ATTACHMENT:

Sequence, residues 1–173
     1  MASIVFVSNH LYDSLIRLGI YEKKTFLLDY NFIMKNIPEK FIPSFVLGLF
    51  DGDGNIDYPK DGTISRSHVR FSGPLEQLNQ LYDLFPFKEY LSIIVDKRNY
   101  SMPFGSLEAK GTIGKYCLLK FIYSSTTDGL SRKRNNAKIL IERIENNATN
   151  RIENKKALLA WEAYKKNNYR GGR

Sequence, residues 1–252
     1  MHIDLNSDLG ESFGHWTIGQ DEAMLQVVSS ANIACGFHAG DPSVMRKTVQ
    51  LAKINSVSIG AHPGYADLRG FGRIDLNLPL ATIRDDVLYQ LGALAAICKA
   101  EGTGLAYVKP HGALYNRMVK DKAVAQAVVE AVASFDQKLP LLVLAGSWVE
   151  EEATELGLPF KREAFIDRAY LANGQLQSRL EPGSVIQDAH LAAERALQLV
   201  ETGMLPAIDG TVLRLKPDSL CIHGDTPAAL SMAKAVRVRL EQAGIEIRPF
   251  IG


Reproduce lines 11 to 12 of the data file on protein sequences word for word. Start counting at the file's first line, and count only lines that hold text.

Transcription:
   201  ETGMLPAIDG TVLRLKPDSL CIHGDTPAAL SMAKAVRVRL EQAGIEIRPF
   251  IG